What are the grounds for divorce in Montana?
Irretrievable breakdown of the marriage and living separate and apart for 180 days prior to filing are the only grounds for dissolution of marriage in Montana divorce law.
The following factors must be met to satisfy the grounds for dissolution of marriage:
- irretrievable breakdown of the marriage and serious marital discord that adversely affects the attitude of both spouses towards the marriage
- no reasonable prospect of reconciliation
- living separate and apart for 180 days prior to filing.
Simplified or Special dissolution of marriage procedures: Joint petitions for dissolution of marriage are allowed. In such cases, both spouses should be titled as “Co-Petitioners” on the petition. In addition, separation or settlement agreements are specifically authorized by law.
Irretrievable breakdown of the marriage is the only grounds for legal separation in Montana divorce law. One of the spouses must be a resident of Montana for 90 days immediately prior to filing for legal separation.
In Montana divorce law, the court declares the marriage contract broken; in an annulment, the court says that there never was a marriage. Annulment is much more difficult to prove — and is much rarer — than divorce. If you want to go this route, you will definitely need to speak to a divorce attorney. Of course, if you want an annulment for religious reasons, you’ll need to consult with your priest, minister, or rabbi as well.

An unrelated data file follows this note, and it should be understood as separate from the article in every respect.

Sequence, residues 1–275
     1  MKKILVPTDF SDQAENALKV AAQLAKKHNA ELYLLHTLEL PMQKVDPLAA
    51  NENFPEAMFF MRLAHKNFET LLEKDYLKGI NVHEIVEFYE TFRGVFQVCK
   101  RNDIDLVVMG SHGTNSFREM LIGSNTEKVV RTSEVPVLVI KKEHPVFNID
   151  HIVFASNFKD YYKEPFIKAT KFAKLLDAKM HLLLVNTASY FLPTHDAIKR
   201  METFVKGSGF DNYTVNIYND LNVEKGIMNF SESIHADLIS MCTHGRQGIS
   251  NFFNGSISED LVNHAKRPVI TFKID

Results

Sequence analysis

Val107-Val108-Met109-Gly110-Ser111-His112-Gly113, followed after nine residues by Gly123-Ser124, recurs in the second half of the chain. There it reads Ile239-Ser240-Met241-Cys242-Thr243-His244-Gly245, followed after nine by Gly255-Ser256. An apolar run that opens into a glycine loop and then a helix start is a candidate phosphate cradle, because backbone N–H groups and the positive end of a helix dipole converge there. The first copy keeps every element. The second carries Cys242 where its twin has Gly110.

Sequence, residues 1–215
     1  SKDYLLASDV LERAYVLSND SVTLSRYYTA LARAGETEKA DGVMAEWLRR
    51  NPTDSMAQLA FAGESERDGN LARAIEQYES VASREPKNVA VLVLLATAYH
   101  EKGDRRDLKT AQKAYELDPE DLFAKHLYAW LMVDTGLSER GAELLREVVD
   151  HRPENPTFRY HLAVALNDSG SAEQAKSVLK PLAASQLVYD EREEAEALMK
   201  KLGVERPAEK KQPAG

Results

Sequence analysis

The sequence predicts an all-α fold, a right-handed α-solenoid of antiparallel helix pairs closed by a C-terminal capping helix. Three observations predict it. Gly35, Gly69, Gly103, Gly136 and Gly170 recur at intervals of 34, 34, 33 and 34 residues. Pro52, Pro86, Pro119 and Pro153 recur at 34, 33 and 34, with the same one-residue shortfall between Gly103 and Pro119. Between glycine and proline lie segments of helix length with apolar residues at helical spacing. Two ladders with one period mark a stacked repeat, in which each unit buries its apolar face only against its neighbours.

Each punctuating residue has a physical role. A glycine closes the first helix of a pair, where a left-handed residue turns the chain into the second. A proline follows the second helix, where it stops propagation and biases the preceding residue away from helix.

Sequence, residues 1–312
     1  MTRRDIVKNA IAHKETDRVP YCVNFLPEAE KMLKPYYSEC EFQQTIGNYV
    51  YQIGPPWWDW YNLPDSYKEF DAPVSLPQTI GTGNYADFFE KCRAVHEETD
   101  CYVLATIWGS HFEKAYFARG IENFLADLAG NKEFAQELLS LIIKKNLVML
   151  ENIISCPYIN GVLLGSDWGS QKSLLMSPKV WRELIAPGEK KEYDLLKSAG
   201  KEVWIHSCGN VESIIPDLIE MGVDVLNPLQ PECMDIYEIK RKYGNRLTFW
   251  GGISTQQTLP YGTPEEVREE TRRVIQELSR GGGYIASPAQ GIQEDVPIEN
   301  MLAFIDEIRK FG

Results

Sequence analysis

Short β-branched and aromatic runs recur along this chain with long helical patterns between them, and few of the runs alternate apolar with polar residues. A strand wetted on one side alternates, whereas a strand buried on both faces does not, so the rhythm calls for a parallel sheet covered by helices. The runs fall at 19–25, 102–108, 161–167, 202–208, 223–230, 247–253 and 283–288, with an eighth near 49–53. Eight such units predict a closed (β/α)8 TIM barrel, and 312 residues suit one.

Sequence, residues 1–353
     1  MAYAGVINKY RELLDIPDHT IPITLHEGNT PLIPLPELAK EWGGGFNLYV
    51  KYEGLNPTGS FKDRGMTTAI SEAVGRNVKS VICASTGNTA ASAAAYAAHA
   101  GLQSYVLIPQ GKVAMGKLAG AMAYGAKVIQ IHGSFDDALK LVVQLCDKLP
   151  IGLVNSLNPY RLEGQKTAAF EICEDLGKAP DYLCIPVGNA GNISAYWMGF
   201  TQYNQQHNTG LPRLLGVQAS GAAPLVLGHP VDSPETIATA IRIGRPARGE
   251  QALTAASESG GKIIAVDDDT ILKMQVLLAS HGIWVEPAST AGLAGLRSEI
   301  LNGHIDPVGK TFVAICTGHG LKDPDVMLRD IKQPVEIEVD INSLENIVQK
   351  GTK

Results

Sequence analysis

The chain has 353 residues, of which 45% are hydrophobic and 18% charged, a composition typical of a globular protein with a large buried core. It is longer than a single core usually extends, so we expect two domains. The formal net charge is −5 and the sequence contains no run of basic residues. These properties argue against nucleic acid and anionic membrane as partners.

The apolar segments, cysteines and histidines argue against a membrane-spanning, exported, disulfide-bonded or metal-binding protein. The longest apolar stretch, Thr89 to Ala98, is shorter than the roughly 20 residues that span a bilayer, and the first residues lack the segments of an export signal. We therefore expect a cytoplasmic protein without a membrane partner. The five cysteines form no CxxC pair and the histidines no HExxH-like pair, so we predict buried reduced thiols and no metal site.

You’ll need to provide your divorce lawyer with the following documentation, in order to proceed with your dissolution under Montana divorce law. Start gathering everything together as soon as possible so that you can find out what might be missing and submit any requests for duplicates.
- Full addresses and phone numbers of both parties.
- Full names, birth dates, and addresses of all children of the marriage, their school, and grade.
- Information about any prior marriage of either spouse, including a certified copy of the divorce decree.
- A copy of any domestic contracts (e.g. a prenuptial agreement).
- Information about any previous legal proceedings between the spouses or involving any of the children.
- Dates and particulars about any previous separations, attempts at reconciliation, or marriage counseling.
- Your previous year’s income tax return, and any related data from the IRS.
- Information about your current income, e.g. a current pay slip.
- A list of substantial assets and liabilities of both spouses.